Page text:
Lieutenant H. E. O’Neill RN  v. The Reverend W. P. Johnson:
The Controversy Surrounding the True Source of the Lujenda River:

A late-nineteenth century Example of Science challenging
Instinct as the Basis of “Discovery” 

Hilary C. Palmer 

Introduction: The background to this controversy 

      It is recorded that David Livingstone, the first European to chart the southern stretches of Lake Shirwa in northern Mozambique (whilst on his Zambesi expedition 1858 – 1864), presumed Lake Shirwa (or Kilwa/Chilwa)1 to be the source of the Lujenda river.  This was a presumption perpetuated by those Britons who came to this region south-east of Lake Nyasa in the wake of the famed explorer’s death in 1873.2 These were largely missionaries and traders who, taking inspiration from Livingstone’s best-selling exposition of the local slave trade, arrived in the region bent on eliminating the evils of slavery via preaching the word of God and promoting the tenets of free, legitimate trade.

Palmer_Fig_1.jpg (109359 bytes)

Figure 1. Henry O’Neill, Sketch Map of the Scottish Colony on the Shire Highlands …, The Scottish Geographical Magazine (1885). This map sets the controversy into context.

Click to enlarge.

     However as Britain’s commercial influence in the Portuguese territory grew, and Scottish missions were settled at Cape Maclear on Lake Nyasa in 1875 (Livingstonia mission which moved to Bandawe in 1881)3 and Blantyre in the Shire highlands in1876,4 so too did Portugal’s suspicion of her imperial rival’s intent.  And ensuing efforts by the Portuguese to extend their authority over the Shire region were to have adverse effects on British interests.  In 1882, for instance, an attempt by Portugal to assert its sovereignty over the peoples of the Shire river provoked fierce resistance from the Makololo people5 bringing trade on the Shire to a standstill.  Therein Livingstonia and Blantyre were isolated - for the Shire was the only route in and out for these missions’ supplies.   Such disruptions, together with the difficulties encountered in navigating the Zambesi/Shire route, soon persuaded British officials - consuls and missionaries – of the need to establish alternative overland routes to the coast.6  This was no easy task.  The existing trade routes were the haunt of those slave-traders British legislation had vowed to destroy.  Similarly daunting was the knowledge that none of these routes (linking Blantyre and the coast) had  hitherto been traversed by Europeans.7  “Rumours of inhabitants of such a barbarous character it was unsafe for a white to go amongst them,”8  together with threats of “capital punishment” and “strangers invariably being treated as enemies”9  recorded by travellers such as  Frederic Elton (the British Consul at Mozambique 1875 – 1877)10  served as effective deterrents until Henry Edward O’Neill, the British Consul at Mozambique 1879-1889 ( as well as an avid explorer), calculating that the source of these “rumours” was, invariably “those who traded amongst the [Makua and Lomwe] themselves”,11 chose to disregard them.    For centuries, however, these traders successfully protected their markets12 and incidental to this the Makua and Lomwe’s cultural norms.  It is acknowledged that despite a Portuguese presence on the coast dating back to 1505, it was not until the 1880s and O’Neill’s path-breaking journeys of exploration that any European ventured beyond thirty miles of the  coast due west of Mozambique Island. However as the hinterland was opened up to European exploration, so was the potential for geographical feuding.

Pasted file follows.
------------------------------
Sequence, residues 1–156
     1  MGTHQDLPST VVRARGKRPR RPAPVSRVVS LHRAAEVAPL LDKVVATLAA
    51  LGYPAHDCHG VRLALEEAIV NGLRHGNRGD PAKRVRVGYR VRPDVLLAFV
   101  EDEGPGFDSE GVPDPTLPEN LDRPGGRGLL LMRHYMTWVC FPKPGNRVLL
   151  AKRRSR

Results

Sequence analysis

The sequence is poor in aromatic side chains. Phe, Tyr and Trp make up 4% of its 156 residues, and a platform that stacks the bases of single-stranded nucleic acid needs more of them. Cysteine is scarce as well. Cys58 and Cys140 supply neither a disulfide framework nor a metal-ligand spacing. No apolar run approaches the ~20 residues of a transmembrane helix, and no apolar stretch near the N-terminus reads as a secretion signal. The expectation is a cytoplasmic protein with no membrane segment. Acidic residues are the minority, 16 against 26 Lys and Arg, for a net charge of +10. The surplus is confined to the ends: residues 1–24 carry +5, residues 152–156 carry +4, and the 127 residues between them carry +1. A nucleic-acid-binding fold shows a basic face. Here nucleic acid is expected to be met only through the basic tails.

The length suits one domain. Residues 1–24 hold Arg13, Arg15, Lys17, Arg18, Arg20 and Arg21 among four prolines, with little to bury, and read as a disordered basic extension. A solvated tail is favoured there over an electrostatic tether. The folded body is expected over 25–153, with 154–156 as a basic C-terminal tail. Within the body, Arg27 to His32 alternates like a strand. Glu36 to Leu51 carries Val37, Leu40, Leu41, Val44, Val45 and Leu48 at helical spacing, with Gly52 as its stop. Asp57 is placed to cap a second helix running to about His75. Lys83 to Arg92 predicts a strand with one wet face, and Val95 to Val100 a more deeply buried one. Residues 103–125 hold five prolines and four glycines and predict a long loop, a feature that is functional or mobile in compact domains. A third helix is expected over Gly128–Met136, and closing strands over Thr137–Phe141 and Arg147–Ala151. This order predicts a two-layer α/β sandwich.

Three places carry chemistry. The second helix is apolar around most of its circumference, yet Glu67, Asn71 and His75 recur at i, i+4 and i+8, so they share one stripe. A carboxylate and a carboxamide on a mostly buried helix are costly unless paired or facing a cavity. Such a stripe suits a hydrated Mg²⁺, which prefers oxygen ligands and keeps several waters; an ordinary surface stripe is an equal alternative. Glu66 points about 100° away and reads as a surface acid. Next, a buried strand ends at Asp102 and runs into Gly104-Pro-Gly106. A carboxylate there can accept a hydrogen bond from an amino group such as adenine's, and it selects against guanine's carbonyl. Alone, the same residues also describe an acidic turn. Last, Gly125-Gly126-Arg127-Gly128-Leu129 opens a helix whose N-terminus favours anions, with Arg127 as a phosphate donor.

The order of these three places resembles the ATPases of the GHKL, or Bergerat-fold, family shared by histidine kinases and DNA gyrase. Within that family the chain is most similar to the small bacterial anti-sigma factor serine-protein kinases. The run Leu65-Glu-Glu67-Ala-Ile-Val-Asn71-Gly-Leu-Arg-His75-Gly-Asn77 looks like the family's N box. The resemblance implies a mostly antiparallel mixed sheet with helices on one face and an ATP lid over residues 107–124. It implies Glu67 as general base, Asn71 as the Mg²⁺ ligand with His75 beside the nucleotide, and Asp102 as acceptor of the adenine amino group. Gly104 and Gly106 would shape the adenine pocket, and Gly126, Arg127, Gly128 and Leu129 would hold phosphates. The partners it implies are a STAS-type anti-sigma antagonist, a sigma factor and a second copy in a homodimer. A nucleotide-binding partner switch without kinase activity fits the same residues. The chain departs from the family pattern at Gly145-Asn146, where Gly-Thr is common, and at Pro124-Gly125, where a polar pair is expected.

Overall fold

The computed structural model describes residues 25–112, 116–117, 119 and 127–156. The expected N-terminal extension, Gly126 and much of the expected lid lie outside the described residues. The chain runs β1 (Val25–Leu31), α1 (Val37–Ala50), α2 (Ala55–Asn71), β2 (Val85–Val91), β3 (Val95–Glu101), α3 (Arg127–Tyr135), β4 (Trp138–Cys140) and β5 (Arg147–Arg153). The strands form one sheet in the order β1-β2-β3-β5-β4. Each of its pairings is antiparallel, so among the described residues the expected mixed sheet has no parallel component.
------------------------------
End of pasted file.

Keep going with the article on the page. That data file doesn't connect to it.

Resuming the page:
This then is the context in which the O’Neill/Johnson controversy - the focus of this paper - took place. It is a controversy which, like the Burton/Speke dispute before it, witnessed science challenging instinct as the basis of discovery.  The nub of this controversy was uncovered in a memorandum now retained in the archives of the Royal Geographical Society.13  Its protagonists, introduced below, were men schooled in the ways of two institutions that can be seen as representative of the progressive and conservative forces at work in late-nineteenth century British society – the Royal Navy and Oxford University.

     The Royal Navy’s function as the premier service safeguarding the interests of the world’s leading imperial and industrial power imposed demands that could only be met by an emphasis on the “modern”.  International communication, for instance, was facilitated by a knowledge of modern languages and so the late-nineteenth-century service prioritised the teaching of modern languages, downgrading the importance of Latin and Greek.14 By  the same premise, an understanding of technology15 was deemed a more appropriate ability than fluency in Homeric verse by a Navy struggling to retain its supremacy in the face of competition from growing powers like Germany and the USA.  Expertise in sciences such as astronomy, ethnography, hydrology and botany was similarly seen as advantaging men whose work included fixing longitudes and latitudes in the interests of geographical accuracy, assigning ethnic identities to individuals rescued from slave dhows, and identifying and collecting botanical specimens that might profitably be redistributed  throughout the Empire.16